What to take away from your internship?
In this blog, I will tell you about the key takeaways of doing an internship. You will want to apply for your internship after reading this!
During the school year, you’re busy with coursework, sports, part-time jobs and other activities. That’s why the summer is the perfect time to do an internship. This past summer I had the opportunity to intern with the marketing department at Bryant Bank in Alabama. As I have experience in working in social media, I had little experience in working with other forms of marketing. In this blog I will discuss why internships are more than just a resume builder and what you could take away from your first internship.
There are some differences in the duration of the internship if I compare internships in The Netherlands and internships in the United States. Internship in The Netherlands are usually for the duration of 20 weeks, which is a fantastic opportunity to get a good understanding of what it’s like to work for this company. It will feel more like a job than an internship because of the duration. Most internships in the United States are for about 10-12 weeks because that perfectly fits people’s summer schedules. The 10-12 weeks is a shorter amount of time to show what you’ve got but also a fantastic way to learn a lot of new things in a short amount of time.
Let’s talk about some key point to keep in mind when deciding on getting the most out of your internship:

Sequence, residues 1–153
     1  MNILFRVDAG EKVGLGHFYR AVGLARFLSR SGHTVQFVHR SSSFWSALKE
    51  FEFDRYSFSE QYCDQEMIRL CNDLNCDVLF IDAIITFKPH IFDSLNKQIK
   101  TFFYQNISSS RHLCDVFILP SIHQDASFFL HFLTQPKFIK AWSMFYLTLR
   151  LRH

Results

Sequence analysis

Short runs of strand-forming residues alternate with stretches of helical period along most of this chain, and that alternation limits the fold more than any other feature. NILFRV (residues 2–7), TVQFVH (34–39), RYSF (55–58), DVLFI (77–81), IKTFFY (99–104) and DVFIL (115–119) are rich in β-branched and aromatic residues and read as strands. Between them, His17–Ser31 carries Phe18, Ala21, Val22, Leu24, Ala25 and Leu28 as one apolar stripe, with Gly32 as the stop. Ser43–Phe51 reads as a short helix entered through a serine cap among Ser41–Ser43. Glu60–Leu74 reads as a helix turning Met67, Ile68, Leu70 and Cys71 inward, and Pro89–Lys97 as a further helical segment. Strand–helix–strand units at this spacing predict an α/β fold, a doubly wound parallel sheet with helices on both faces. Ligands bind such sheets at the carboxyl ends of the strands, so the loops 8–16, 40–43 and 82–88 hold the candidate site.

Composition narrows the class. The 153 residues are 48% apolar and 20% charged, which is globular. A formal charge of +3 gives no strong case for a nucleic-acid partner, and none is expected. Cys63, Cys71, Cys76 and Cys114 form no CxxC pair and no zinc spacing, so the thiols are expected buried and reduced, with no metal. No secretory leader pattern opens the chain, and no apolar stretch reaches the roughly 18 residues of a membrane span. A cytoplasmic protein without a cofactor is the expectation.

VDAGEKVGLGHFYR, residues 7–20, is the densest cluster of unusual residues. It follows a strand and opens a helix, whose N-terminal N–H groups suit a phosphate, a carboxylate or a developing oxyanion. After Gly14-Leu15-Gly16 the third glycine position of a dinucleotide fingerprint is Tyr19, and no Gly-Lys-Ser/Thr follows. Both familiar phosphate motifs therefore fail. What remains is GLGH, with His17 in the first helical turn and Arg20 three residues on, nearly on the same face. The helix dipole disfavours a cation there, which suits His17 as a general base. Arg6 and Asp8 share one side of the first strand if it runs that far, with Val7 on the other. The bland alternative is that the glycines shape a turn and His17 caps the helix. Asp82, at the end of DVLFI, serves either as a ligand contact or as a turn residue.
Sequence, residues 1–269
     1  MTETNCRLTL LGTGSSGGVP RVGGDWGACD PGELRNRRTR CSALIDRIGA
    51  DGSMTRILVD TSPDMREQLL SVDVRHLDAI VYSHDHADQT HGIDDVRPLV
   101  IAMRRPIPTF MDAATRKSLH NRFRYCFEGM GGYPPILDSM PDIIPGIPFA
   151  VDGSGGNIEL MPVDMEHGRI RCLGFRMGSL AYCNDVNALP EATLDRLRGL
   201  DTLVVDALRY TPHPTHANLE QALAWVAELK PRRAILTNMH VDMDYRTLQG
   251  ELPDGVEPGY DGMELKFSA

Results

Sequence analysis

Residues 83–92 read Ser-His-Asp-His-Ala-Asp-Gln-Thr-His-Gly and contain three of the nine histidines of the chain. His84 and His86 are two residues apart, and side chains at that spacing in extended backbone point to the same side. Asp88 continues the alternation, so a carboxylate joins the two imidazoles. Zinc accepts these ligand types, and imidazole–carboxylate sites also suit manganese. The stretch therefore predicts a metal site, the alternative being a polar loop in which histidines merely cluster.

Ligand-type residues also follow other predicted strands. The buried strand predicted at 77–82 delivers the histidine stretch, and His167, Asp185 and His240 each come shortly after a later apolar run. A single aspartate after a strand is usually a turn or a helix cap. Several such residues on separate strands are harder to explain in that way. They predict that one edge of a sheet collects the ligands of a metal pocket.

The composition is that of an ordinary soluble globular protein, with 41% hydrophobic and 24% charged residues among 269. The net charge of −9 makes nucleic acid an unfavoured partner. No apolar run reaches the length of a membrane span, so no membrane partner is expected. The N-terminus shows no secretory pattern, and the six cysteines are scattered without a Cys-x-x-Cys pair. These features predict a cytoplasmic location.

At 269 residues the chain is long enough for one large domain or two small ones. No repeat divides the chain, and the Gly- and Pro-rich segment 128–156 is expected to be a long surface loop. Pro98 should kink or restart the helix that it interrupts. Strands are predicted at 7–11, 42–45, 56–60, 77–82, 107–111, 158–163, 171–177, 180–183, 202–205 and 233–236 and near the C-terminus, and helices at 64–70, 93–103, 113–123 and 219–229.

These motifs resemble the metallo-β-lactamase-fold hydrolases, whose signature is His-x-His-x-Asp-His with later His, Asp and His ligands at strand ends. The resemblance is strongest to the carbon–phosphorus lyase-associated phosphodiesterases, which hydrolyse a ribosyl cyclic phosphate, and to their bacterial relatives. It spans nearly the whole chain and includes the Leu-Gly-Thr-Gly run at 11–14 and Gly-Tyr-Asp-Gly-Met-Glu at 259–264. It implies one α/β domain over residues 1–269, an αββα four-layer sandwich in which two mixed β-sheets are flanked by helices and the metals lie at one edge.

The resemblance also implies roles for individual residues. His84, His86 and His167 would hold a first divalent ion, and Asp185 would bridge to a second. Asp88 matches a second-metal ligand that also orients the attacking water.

1. Applying the skills you learned in class
Internships are more than getting Starbucks for your colleagues and running errands. If that is what your internship is like, then you are not at the right place. An internship is an excellent opportunity to apply the skills you acquired in college in the real world.
An internship might only be for a couple weeks or a couple months, but connections will stay forever. Get to know as many people as you can, interact with them and build a connection. Ask them about their career paths, what they do on a daily basis and what advice they would have for you. If you get the opportunity to join any company meetings or events, I would encourage you to attend those. As a Social Media Coordinator, I will obviously advice you to have your LinkedIn profile all set up before you start your internship and connect with the people you meet over time. LinkedIn is a perfect tool to build your professional portfolio.
3. Professional communications
Most students don’t have a whole lot of experience in working in a professional setting. Dealing with customers, colleagues and bosses is something new to most students. Communicating with your colleagues in person, by phone or by email all requires using professionalism. It’s not like texting your friends or calling your mom.
You will make mistakes and that’s completely fine! During this time, your supervisor will get a good idea of what your strengths and weaknesses are. This is valuable information that you would want to know. Your internship might be one of your first work experiences so take all the feedback you can get so you won’t make the same mistakes at your first job. Besides that, your boss or supervisor has your best interest so don’t take the criticism personal. They want what’s best for you!
Besides learning how to work with colleagues and customers, it’s also important to learn how to work independently. Your boss might have a day full of meetings where he or she is not available to help you all the time. You will learn to make your own decisions and figure things out on your own.
Treat your internship like a job, bring your best effort and be proactive! You never know who will pick up on your work ethic and great skill set. There are times that your internship can result into a job offer or fantastic recommendations. Start applying for those internships and become their favorite intern!